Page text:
The Columnist
  The Oldi
On the Road
  Everyhthing in the Garden
  James Mitchie
  Blind Blake
  The Wife's First Novel
  Hedgerow Harvest
  Memories are made like this
  Rhinos on Board
  Panto Nostalgia
  A Ghost Story
  Cocktails Anyone?
  Best Kept Village
  A Difference of Opinion







I had to drive to Farnham in late November, to play at the Redgrave Theatre in a concert with that unique cabaret group, Instant Sunshine. Four miles short of Farnham, coming up a long hill in the dark, my car overheated and threatened to blow up, so I pulled into the side and waited for it to cool down. It’s a Saab 900, chosen because it is about the only car (short of an estate) that will take a double bass, lying down, (and I did indeed take my double bass round all the showrooms when I was getting a car and tried it in all the models they showed me.) It has done me exceedingly well, but even a Saab will occasionally erupt, and it soon became apparent that it wasn’t going to cool down before the concert was due to start, so I would have to ring for a taxi.

Not having a car phone, I clearly would have to start knocking on doors in the dark. There aren’t many houses on that part of the A287. The first one I came to had lots of security lights but no people. The second one was occupied. A little old man opened the door a crack and asked somewhat fearfully what I wanted. To phone for a taxi to take me to the theatre, I said. Perhaps he thought I meant, as part of the audience, because this didn’t relax him much.

The odd thing was that he was accompanied by two little girls, about seven or eight, both wearing ballet leotards, and this didn’t relax me much, because in these days of child scandals you tend to fear the worst in any situation, and I could already see headlines like : “Broken Down Musician Stumbles on Ballet Vice Ring…”

Of course, by the time he was relaxed enough to let me in for a phone call, we had cleared everything up. He was the grandfather, babysitting for his daughter. “She’s gone off to her yoga class tonight,” he said, “so I agreed to pick the children up from ballet class and look after them for a while. It’s just that these days, when you hear a knock on the door, you tend to fear the worst.”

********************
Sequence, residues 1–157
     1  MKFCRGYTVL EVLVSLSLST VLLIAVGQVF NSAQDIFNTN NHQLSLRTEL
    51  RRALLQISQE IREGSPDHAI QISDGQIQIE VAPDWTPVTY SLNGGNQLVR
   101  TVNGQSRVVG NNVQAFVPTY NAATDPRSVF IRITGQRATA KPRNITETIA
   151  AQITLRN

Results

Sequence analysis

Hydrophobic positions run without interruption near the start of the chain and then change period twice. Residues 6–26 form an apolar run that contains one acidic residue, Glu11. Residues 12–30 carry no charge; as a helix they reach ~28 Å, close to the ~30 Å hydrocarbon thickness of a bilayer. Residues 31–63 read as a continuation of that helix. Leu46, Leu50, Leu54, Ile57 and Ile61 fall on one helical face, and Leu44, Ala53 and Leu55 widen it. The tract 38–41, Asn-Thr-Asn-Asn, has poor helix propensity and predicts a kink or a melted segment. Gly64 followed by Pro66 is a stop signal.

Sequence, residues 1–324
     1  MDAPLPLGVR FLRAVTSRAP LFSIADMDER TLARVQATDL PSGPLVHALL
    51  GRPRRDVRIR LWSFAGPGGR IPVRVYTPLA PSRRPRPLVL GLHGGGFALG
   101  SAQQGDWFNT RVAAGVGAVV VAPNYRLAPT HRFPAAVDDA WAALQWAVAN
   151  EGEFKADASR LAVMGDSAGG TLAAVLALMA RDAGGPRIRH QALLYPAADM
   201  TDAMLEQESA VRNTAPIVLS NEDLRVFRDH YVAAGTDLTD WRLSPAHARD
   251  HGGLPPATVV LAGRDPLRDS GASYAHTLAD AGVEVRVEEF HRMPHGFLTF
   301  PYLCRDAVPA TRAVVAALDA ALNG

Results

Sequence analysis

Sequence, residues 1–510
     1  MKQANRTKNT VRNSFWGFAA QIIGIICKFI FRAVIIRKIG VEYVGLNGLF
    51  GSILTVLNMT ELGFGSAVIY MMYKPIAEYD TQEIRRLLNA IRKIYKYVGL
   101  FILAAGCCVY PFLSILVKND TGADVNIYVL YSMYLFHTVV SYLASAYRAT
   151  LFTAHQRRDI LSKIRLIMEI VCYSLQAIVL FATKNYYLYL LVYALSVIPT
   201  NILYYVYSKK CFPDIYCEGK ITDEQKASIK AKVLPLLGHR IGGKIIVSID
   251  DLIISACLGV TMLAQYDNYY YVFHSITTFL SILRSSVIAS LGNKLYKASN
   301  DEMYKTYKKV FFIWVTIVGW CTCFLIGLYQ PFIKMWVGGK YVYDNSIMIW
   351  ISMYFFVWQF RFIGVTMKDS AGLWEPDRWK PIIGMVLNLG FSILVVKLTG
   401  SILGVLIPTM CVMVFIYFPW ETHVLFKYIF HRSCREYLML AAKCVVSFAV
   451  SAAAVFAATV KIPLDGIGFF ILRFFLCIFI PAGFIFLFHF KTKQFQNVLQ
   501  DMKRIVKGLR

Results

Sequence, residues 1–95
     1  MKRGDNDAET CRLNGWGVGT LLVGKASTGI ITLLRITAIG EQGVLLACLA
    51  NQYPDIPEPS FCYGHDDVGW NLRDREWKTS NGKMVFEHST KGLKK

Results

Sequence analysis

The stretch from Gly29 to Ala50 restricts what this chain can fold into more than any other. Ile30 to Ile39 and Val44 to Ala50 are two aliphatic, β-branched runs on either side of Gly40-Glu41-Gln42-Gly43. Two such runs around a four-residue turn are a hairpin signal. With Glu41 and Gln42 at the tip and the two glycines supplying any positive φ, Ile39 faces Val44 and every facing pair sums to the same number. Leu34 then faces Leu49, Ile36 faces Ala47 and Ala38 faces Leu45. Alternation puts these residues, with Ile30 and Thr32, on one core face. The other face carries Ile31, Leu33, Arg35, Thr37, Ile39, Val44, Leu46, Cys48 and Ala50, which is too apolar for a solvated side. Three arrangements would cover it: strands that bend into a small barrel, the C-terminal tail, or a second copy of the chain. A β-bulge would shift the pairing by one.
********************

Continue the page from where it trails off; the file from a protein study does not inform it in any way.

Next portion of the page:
So it was I who was the suspicious one, not he. And I must admit, I did look strange – a man in full dinner jacket appearing out of the night with some cock and bull story about double basses… Anyway, the taxi came, and got me to the theatre just in time to miss the first number, and rather than struggle with the car at midnight, I stayed the night at the Bush Hotel in Farnham, a Forte establishment which I imagine was once upon a time a Trust House, as it was ancient and agreeable, though the bar was full of businessmen talking evening business chat. “ I don’t mind another desk being put in,” I heard one say, “as long as it’s made very clear that it’s a spare desk, and not his desk, because as soon as he starts thinking it’s his desk, there’ll be no holding him and we’ll be back to square one.” God, I’m glad I don’t work in an office any more.

Next morning I rang the AA Relay, got back into my DJ, had breakfast (“Sorry, you can’t have an Independent, we only provide complimentary Telegraphs) and took a taxi back to the car, where I fell asleep at the wheel in the intervals of awaiting help. Glad I wasn’t discovered then, a suspicious unshaven dinner-jacketed form at first light. The first man to arrive diagnosed a cracked water pump with probable gasket trouble, and the second man to arrive just dumped me on his lorry and drove me home. Excellent company he was, too, reminiscing about some of the people he’d rescued, and some of the Welsh lanes down which people had assured him it was fine for an AA Relay lorry to go.

“ You get all sorts,” he said. “Last year I picked up some of those, what do they call them, travellers, hippies, you know. Shouldn’t be rude about customers, but once you get them in the cab, they don’t half smell. Keep the windows open, I should say I did.”

I was surprised that travellers should be AA members.

“They weren’t. We agreed to remove them as a favour to the police, who wanted them moved on. They help us a bit, we help them a bit, say no more.”

We passed Stonehenge on the way back. I reminisced that my father-in-law had, during the war, visited Stonehenge at the controls of a tank. My driver was not discountenanced.

“I picked up a Sierra from Salisbury way, once,” he said, “which had been run over by a tank.”

What was it like? His answer had Coward overtones.

“Very flat. The driver had been in it at the time of the incident, funnily enough, but the tank had only flattened the back end. Jumped into gear when the driver wasn’t expecting it, or something, and went straight into the Sierra.”

How was the tank?

“Not a scratch. I was very impressed.”

I had never used AA relay before, I was very impressed too.

The Oldie 18/12/92